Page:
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Logo of nihpaAbout Author manuscriptsSubmit a manuscriptHHS Public Access; Author Manuscript; Accepted for publication in peer reviewed journal;
Curr Biol. Author manuscript; available in PMC 2010 August 25.
Published in final edited form as:
PMCID: PMC2757273

The Multipurpose 15-protofilament Microtubules in C. elegans Have Specific Roles in Mechanosensation


Because microtubules perform many essential functions in neurons, delineating unique roles attributable to these organelles presents a formidable challenge. Microtubules endow neurons with shape and structure and are required for developmental processes including neurite outgrowth [1], intracellular transport [2], and synaptic formation and plasticity [3, 4]; microtubules in sensory neurons may be required for the above processes in addition to a specific sensory function. In Caenorhabditis elegans six touch receptor neurons (TRNs) sense gentle touch [5] and uniquely contain 15-protofilament microtubules [6]. Disruption of these microtubules by loss of either the MEC-7 β-tubulin [7] or MEC-12 a-tubulin [8] or by growth in 1 mM colchicine causes touch insensitivity [5, 6], altered distribution of the touch transduction channel, and a general reduction in protein levels. We show that the effect on touch sensitivity can be separated from the others; microtubule depolymerization in mature TRNs causes touch insensitivity but does not result in protein distribution and production defects. In addition, the mec-12(e1605) mutation selectively causes touch insensitivity without affecting microtubule formation and other cellular processes. Touching e1605 animals produces a reduced mechanoreceptor current that inactivates more rapidly than in wild type, suggesting a specific role of the microtubules in mechanotransduction.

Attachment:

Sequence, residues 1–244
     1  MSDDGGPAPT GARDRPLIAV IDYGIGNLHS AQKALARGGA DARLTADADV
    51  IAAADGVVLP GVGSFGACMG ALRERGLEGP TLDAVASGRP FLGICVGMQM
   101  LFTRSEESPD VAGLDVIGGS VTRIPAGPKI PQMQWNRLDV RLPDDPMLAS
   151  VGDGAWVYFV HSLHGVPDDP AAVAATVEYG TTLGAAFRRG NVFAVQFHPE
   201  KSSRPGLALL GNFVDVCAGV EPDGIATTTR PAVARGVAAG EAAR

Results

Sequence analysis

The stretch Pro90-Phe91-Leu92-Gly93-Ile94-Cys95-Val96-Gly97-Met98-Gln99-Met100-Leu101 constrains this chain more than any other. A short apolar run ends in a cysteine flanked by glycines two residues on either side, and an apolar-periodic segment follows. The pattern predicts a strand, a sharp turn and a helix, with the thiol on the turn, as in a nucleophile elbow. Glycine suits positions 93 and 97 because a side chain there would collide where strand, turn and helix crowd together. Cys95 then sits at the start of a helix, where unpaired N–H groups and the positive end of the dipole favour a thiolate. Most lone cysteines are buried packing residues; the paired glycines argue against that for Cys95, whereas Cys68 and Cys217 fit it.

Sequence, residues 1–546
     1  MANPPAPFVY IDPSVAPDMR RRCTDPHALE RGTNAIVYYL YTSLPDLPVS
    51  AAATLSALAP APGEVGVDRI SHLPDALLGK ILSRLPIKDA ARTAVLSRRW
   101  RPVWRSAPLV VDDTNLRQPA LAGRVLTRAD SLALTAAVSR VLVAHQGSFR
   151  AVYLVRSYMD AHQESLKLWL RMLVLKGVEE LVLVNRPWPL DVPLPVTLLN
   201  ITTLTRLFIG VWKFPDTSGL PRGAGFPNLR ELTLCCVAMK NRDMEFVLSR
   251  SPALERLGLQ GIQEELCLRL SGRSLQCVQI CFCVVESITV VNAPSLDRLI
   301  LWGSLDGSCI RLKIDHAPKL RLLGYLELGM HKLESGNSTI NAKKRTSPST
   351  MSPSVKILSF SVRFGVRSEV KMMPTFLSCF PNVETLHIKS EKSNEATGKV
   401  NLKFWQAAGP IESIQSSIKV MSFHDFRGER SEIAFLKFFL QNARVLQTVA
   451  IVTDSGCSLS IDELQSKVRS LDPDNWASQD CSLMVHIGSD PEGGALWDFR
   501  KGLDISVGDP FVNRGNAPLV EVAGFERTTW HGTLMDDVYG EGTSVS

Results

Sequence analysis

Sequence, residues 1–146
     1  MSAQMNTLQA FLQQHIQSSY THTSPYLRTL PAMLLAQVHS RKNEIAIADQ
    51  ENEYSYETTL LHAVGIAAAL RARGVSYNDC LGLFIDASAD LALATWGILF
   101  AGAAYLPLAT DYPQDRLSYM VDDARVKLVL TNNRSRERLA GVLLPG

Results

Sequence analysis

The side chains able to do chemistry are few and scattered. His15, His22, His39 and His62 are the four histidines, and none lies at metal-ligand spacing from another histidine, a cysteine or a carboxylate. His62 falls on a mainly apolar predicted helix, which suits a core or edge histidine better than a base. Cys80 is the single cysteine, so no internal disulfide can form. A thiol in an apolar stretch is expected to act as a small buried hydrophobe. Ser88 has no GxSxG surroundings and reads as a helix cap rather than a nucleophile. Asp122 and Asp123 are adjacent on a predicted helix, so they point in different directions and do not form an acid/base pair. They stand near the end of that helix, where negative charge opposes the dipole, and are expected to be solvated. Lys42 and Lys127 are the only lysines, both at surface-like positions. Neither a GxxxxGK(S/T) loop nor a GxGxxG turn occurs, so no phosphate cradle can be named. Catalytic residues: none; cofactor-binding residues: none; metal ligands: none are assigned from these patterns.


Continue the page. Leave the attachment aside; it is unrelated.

Results and Discussion

Microtubules and Protein Localization

Mechanoreceptor channel complexes tranduce mechanical stimuli in the six TRNs (ALML/R, PLML/R, and AVM/PVM) [9]. Normally, these complexes are distributed in regular puncta along the TRN axons (Figure 1A and [1012]). Previous work found that mec-7 and mec-12 mutations affect puncta distribution but not formation [13, 14].

Figure 1
TRN microtubules are required for intracellular transport

We reexamined the role of mec-7 and mec-12 on the localization of channel complex puncta using several more mutations in these genes and an antibody to the auxillary channel protein MEC-2 (Table S1). Recessive null mutations of mec-7(u142, u440, and u443), disrupt the distribution of MEC-2 punctata varying degrees. In some animals MEC-2 puncta appeared wild type, whereas in others the puncta were weaker and more dispersed, particularly in the middle of the neuronal process (Figure 1B). In contrast, dominant mec-7 mutations had a greater effect on the distribution of MEC-2 puncta. Specifically, mec-7(u18) and mec-7(u283) animals had MEC-2 puncta restricted to the most proximal part of the process (Figure 1B). These data suggest that wild-type MEC-7 has a modest role in the distribution of the puncta. Specific missense mutations in mec-7, however, can disrupt this distribution, perhaps by affecting the function of all TRN microtubules.

mec-12 mutations also affected MEC-2 distribution. Unlike mec-7, no early truncation or nonsense alleles are known for mec-12; all known alleles are missense mutations [8, 14]. One probable null allele is mec-12(e1607), a recessive missense mutation that eliminates the 15-protofilament microtubules in the TRNs [15]. MEC-2 distribution in e1607 animals is similar to that in mec-7 null mutants. In contrast, mec-12(u241), a dominant mutation that eliminates the large-diameter microtubules, results in a more severe phenotype similar to dominant mec-7 mutations (Figure 1C).